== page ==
In this book, Thomas Albritton explores images of teaching and learning in several giants in the canon of British children’s literature. Identifying traces of Plato, Rousseau, Dewey, and Vygotsky; portrayals of growth mindset and high stakes testing; and evidence of the pedagogical power of inquiry, teacher personality, and project-based learning, Albritton’s analysis results in both a richer appreciation for the literature and a deeper understanding of the educational theory.
Thomas Albritton is associate professor of English education at High Point University.
Foreword by the Series Editors
Chapter 1: Learning Down the Rabbit Hole: Lewis Carroll’s Alice Novels as Case Studies of Human Development
Chapter 2: Beatrix Potter as a Champion of Progressive Education
Chapter 3: The Neverland Academy: Formal Schooling vs. Natural Learning in Peter Pan
Chapter 4: The Wind in the Willows and Plato’s “Allegory of the Cave”
Chapter 5: A Bear of Very Little Brain: Winnie-the-Pooh and Growth Mindset
Chapter 6: Always Winter, But Never Christmas: Narnia and High Stakes Testing
Chapter 7: How Bilbo Learns: Environmental Inquiry and Reflective Practice in The Hobbit
Chapter 8: How Hogwarts Teaches: Identity, Personality, and Instruction
Epilogue: Lessons in Literature: What Readers See Through the Lens of Education
About the Author
Thomas Albritton’s work would enthrall any educator, developmental psychologist, philosopher, or lover of children’s literature with its astute and witty analysis of British children’s classics through the lens of education. I had never thought of these classics as commentaries on approaches to education, but as Albritton demonstrates, of course they are. He helps readers to understand their favorite characters from childhood as representations of the teachers, classmates, and parents they’ve encountered throughout their lives and places these representations adeptly in the context of modern education and school reform.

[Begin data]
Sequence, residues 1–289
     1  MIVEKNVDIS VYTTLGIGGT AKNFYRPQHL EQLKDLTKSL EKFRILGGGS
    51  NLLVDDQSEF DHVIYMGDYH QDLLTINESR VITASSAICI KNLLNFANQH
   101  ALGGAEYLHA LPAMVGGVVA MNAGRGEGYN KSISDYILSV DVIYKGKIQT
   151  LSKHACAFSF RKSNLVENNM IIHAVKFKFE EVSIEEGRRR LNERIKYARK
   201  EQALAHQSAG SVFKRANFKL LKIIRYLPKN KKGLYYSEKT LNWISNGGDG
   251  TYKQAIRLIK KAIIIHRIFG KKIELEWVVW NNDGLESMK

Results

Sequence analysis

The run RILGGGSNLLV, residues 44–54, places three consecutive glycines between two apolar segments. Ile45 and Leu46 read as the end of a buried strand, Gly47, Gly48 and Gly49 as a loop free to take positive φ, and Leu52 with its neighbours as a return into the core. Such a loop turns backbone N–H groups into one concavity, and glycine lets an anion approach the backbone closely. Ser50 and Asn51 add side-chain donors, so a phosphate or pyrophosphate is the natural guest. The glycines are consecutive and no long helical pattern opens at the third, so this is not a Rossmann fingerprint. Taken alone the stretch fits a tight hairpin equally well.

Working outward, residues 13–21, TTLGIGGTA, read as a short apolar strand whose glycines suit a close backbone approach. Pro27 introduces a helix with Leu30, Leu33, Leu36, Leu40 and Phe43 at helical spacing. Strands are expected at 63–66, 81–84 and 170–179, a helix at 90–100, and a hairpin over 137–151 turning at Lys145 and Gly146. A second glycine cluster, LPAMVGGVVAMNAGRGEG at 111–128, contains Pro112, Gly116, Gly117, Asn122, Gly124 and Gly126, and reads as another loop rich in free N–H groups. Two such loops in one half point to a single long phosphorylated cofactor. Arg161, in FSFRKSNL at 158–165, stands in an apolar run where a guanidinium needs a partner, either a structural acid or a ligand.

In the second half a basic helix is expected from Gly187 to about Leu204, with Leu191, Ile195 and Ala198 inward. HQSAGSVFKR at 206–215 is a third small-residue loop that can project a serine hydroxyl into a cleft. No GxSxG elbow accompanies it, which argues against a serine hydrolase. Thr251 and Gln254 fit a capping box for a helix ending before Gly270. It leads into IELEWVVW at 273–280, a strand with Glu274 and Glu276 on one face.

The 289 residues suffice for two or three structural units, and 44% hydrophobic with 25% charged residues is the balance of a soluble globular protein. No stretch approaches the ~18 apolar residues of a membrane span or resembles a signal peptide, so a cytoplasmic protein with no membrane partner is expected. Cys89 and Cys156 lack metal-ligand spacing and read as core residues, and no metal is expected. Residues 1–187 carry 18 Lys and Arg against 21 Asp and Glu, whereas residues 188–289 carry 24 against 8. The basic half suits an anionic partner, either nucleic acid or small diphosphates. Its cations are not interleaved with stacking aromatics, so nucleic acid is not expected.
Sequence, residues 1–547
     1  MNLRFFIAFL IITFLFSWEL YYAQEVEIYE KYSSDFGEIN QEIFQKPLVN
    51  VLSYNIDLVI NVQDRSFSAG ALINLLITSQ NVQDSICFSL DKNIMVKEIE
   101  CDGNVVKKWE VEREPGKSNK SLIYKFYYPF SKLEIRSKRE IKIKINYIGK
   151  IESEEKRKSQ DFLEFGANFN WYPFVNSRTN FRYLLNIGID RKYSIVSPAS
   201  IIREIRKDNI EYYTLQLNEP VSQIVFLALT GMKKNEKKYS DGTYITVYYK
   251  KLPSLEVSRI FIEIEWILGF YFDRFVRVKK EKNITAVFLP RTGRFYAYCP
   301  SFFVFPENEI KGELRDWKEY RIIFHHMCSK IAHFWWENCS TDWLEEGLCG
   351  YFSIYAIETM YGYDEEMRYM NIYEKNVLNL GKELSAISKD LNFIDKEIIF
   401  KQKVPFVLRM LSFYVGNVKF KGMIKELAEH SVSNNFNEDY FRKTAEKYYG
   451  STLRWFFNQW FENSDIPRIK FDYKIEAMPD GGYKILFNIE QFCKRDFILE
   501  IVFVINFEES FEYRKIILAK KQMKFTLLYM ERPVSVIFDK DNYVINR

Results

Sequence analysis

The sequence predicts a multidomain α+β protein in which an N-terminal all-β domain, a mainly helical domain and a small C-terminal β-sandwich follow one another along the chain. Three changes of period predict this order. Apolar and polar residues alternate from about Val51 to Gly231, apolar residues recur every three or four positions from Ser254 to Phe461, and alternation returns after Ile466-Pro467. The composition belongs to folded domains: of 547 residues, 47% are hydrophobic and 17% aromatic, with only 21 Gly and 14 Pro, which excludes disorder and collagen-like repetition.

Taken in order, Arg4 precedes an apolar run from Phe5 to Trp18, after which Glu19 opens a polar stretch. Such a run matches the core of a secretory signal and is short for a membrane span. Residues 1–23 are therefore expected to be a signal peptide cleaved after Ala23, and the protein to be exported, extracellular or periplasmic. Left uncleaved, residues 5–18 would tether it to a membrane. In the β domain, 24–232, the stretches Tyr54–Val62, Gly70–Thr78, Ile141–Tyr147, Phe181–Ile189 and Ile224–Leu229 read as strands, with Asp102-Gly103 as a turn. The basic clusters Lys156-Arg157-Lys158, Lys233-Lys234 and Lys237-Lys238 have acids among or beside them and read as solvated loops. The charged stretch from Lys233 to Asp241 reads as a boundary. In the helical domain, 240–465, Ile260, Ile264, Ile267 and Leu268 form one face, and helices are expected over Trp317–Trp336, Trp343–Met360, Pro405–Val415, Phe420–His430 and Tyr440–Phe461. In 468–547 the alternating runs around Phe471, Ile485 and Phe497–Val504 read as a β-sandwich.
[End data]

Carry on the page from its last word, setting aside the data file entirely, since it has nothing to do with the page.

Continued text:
It is rare to find an academic text so accessible that explores something so complex and seemingly inaccessible as literary and educational theories. Albritton has a way of presenting engaging, thought-provoking ideas with popular culture examples to examine and explain some of the more complicated ideas within education and literary analysis. Not only is this book instructional, well-researched and beautifully written, it is a joy to read. I found myself inspired and informed—a unique and thrilling combination for any scholar.
Albritton takes the reader on a nostalgic journey through the classics of childhood, brilliantly illuminating these familiar stories with fresh light and revealing the wide range of educational theory hiding just below their surfaces. From Alice’s Wonderland journey of self-discovery and personal growth through the progressive and experiential educations reflected in Beatrix Potter’s stories and Wendy’s foray into Neverland, to the manifold instructional methods at Hogwarts, Albritton expertly weaves the twin strands of educational theory and classic children’s literature into a seamless narrative that is enlightening to scholars of both fields.